As the convenience store (C-store) and retail petroleum industry continues to make progress in upgrading their forecourts to accept Europay, Mastercard, and Visa (EMV) payments at the dispenser, some emerging trends point to new opportunities.
“While the essence of the C-store is still one of ‘Cokes, smokes, and gas,’ the industry is evolving in profound ways,” said Tim Tang, director of Enterprise Solutions at Hughes. “The big question is: Where can operators make meaningful improvements to the business and set themselves up to take advantage of these trends?”
Here we answer that question and offer three top trend-based opportunities.
- Look Beyond Fuel Sales, Optimize the Customer’s Retail Experience
As in every retail environment – whether in person or online – the customer experience is critical and presents a valuable opportunity for increasing revenue and loyalty. Where might a retailer find business opportunities in improving the customer experience? Mr. Tang said operators can leverage a growing portfolio of customer engagement tools to convert fuel patrons into retail patrons.
“Mobile pay apps not only encourage fuel brand loyalty, but they are also a prime channel for retail engagement,” he said. “AI/ML-enabled loyalty apps improve an operator’s ability to understand what and when a customer may need an item. Dynamic digital signage drives engagement with timely, relevant messaging. As consumers embrace mobile orders, curbside pickup, and third-party delivery services, C-store operators need a high performance, API-enabled store platform to automate a satisfying and scalable customer experience.”
In addition to engagement opportunities, operators can examine the in-store experience. Where are the friction points? Are there long checkout lines, slow POS transactions, or inconvenient and inefficient store operations? Each step to improve the customer experience drives the conversion rate.
- Protect the Brand with Robust Cybersecurity
“While many retail petroleum operators have been focused on supporting EMV chip transactions in the forecourt, they need to realize that EMV only protects the integrity of credit card transactions. It does not address the cybersecurity needs of the rest of the store, specifically the back-office systems. With the C-store’s dependence on digital infrastructure, a cyberattack may have devastating consequences,” Mr. Tang said. “Data breaches violate the customer’s trust. Each time that happens, consumers look to take their business elsewhere.”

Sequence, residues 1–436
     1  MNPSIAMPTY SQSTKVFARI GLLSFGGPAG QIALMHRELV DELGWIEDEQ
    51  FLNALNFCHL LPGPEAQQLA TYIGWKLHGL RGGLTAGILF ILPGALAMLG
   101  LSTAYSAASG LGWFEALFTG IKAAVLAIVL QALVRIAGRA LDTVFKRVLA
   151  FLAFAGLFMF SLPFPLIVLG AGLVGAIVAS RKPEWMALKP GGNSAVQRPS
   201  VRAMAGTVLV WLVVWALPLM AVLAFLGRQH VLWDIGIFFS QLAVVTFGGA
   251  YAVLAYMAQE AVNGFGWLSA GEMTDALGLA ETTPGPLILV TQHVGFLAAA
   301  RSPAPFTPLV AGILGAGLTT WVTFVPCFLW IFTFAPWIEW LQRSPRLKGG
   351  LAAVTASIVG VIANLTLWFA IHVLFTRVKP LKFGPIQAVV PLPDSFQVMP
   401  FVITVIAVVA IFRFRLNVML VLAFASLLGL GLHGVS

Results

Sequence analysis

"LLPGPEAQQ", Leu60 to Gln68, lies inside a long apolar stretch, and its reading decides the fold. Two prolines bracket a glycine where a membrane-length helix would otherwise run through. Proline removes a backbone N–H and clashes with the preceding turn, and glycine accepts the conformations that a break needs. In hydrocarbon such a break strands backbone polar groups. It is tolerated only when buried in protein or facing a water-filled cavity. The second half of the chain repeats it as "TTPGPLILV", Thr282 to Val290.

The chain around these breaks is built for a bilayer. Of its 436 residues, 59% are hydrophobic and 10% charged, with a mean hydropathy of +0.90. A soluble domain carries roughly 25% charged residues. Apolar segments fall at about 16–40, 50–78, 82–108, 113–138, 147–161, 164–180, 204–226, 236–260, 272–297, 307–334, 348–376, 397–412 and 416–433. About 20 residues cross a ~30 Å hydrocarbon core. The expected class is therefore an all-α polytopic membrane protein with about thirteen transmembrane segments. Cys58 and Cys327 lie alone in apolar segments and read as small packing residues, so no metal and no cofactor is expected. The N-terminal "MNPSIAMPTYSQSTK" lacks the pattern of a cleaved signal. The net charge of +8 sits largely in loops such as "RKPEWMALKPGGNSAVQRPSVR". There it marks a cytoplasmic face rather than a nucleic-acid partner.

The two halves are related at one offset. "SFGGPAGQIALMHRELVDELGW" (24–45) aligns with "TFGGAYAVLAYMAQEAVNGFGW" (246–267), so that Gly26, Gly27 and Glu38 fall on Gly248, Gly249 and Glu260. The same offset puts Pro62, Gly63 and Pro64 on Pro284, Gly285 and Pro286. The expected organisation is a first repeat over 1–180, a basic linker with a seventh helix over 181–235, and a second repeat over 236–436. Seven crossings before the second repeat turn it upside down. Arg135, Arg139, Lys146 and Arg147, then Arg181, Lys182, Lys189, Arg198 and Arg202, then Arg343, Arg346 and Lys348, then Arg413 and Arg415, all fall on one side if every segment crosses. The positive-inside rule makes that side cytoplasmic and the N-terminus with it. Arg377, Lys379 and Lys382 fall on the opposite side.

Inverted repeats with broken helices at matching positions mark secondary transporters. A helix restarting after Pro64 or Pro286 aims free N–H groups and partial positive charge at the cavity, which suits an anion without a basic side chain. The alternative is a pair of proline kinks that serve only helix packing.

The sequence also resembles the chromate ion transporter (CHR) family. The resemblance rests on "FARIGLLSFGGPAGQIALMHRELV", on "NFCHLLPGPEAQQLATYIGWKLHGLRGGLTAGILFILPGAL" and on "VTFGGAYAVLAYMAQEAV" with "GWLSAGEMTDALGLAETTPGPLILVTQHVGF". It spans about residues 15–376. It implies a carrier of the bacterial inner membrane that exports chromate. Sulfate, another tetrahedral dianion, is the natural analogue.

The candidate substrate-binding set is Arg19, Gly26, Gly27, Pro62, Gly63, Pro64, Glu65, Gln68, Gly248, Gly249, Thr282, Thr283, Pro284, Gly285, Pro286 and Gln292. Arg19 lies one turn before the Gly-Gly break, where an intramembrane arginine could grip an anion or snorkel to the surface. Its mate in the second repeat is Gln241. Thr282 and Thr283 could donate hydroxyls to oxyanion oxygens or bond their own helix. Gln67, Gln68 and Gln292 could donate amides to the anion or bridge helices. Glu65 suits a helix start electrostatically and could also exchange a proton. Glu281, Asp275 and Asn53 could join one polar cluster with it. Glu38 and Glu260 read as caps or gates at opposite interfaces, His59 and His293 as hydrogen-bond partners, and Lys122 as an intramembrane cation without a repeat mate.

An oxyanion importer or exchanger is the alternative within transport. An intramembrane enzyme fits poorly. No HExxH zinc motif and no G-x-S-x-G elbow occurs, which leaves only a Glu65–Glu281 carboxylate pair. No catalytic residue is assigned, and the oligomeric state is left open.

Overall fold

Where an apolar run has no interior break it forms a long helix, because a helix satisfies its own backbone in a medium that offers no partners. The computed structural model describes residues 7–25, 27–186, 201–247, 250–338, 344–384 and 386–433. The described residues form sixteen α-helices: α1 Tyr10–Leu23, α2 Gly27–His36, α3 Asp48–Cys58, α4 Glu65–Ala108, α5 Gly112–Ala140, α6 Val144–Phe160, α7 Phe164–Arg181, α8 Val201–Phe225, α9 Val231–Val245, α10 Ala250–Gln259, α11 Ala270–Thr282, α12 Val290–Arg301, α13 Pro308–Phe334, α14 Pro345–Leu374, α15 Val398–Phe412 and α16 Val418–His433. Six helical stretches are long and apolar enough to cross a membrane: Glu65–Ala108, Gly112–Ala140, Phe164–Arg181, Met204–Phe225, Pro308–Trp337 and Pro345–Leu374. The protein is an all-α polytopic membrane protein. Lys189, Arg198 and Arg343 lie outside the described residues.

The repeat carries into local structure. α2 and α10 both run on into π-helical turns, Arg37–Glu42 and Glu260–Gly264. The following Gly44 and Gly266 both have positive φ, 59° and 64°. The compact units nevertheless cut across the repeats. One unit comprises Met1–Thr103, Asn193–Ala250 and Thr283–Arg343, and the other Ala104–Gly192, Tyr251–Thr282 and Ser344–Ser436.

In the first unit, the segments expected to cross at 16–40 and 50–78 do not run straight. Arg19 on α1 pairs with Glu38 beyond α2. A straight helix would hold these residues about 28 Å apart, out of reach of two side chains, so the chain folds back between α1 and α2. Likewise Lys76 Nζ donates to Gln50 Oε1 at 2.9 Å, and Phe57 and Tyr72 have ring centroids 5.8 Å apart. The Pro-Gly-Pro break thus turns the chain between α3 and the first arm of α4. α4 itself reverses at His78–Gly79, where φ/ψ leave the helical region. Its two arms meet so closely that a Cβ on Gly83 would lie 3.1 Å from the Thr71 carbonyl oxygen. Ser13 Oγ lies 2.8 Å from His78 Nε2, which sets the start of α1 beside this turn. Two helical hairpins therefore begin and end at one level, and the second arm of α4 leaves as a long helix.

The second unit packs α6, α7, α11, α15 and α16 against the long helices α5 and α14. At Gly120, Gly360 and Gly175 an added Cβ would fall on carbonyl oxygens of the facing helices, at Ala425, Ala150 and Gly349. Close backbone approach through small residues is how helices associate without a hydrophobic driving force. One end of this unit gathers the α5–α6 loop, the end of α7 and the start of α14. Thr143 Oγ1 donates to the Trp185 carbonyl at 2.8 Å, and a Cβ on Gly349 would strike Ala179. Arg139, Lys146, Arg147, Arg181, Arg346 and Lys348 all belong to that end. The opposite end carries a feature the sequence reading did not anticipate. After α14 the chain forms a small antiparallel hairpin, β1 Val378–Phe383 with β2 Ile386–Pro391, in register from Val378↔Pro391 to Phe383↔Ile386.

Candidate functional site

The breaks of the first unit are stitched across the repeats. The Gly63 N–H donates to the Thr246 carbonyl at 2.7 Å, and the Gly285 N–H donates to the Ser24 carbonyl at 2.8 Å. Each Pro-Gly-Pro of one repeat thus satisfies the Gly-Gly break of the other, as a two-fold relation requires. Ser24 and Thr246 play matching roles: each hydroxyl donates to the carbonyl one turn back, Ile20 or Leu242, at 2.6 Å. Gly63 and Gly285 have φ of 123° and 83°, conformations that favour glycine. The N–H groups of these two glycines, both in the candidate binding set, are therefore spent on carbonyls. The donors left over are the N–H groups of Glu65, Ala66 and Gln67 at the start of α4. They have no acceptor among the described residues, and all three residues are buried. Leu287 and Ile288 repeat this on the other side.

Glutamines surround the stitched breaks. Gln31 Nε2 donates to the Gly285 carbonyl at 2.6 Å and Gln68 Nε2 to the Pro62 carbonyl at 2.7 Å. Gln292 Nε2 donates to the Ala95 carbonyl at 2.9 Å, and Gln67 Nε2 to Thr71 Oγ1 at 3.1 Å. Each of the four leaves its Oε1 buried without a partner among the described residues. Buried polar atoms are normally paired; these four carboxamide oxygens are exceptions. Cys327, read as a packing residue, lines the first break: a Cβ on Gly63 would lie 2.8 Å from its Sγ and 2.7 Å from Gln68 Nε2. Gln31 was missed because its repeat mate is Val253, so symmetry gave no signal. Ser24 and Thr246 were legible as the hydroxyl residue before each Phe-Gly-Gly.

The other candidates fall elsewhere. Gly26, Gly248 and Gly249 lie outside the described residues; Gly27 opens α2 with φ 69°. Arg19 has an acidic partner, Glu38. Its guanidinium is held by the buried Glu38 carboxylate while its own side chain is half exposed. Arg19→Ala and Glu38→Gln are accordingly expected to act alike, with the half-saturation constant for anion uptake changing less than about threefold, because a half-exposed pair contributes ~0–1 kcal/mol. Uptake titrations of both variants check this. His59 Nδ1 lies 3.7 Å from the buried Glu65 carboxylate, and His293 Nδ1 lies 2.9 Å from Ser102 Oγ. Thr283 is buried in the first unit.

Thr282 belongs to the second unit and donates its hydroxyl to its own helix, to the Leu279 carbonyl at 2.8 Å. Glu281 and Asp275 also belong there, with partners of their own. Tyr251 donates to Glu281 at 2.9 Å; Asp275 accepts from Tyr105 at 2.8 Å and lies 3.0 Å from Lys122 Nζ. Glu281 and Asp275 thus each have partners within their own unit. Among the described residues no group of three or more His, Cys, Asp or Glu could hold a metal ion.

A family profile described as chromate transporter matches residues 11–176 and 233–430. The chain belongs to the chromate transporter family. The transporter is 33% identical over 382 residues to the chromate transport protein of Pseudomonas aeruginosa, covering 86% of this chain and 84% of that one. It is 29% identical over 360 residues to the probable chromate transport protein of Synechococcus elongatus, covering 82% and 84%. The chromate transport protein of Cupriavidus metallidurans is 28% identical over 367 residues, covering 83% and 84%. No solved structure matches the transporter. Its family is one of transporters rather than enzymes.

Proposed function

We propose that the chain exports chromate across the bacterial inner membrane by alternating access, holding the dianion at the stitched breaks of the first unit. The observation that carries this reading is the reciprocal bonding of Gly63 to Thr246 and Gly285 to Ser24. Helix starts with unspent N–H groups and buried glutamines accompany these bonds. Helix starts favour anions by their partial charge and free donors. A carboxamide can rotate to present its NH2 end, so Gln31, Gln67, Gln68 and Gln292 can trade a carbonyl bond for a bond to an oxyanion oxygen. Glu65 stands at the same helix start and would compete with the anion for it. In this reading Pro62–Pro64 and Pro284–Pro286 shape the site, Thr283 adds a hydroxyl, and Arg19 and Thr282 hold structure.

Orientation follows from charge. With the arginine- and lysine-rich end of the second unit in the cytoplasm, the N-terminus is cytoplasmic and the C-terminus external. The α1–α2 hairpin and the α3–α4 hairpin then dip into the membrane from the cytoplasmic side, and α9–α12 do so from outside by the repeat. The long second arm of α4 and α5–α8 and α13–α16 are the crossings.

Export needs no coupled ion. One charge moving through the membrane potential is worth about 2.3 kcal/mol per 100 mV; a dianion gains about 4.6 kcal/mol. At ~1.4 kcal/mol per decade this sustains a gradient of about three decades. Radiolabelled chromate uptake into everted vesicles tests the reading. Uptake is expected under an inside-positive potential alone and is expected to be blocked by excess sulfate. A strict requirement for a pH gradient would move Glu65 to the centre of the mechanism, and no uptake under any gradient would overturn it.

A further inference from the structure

The list of cybersecurity challenges is long, and includes increasingly complex technologies, fewer qualified personnel, an expanding threat surface, and evolving Payment Card Industry (PCI) requirements. To address the business’ need to improve store operational efficiency, as Mr. Tang described, operators are deploying more and more technology, such as IoT sensors, kitchen automation, and security surveillance tools. Each device, tool or piece of equipment that connects to the network increases the threat surface and must be protected.
“The time to prepare is now, before a cyber threat comes into the store,” he warned. “Any and every step towards elevating a store’s security posture is a step towards protecting the brand. That may involve training employees to recognize phishing attacks, keeping software up to date, and proactively monitoring the firewall.”
- Strengthen the Store’s Digital Infrastructure
“As we think about the C-store, we see that entire operations are increasingly dependent on their digital infrastructure,” Mr. Tang said. This is a shift away from when an operator could process offline credit card transactions if the network went down.
“There’s no such thing as an offline mobile order or an offline loyalty rewards redemption. The network is critical,” he said. “But we’re not just talking about occasional total outages, operational networks may experience significant congestion on a daily, even hourly basis, which routinely destroys the in-store customer experience. While operators may quickly recognize the impact of a slow fuel dispenser due to a clogged filter, they also need a similar sensitivity to the impact of a congested network on the customer’s digital experience.”
One option for C-stores according to Mr. Tang, is to consider Managed Software Defined Wide Area Network (SD-WAN) solutions, which can improve network performance, a store’s cybersecurity posture, and the overall in-store experience for customers and employees.
“As a service provider, Hughes makes technology easier and simpler,” he said. “We develop and deliver solutions to solve the problems industries face. We have a whole portfolio of managed services designed to simplify IT, with solutions like digital signage that can encourage customers to come into the store or Wi-Fi to facilitate strong mobile engagement on the curb, in the parking lot as well as in store.”
Working closely with the Hughes team, C-store operators can identify where they can strengthen their digital infrastructure, make meaningful operational improvements, and turn trends into opportunities.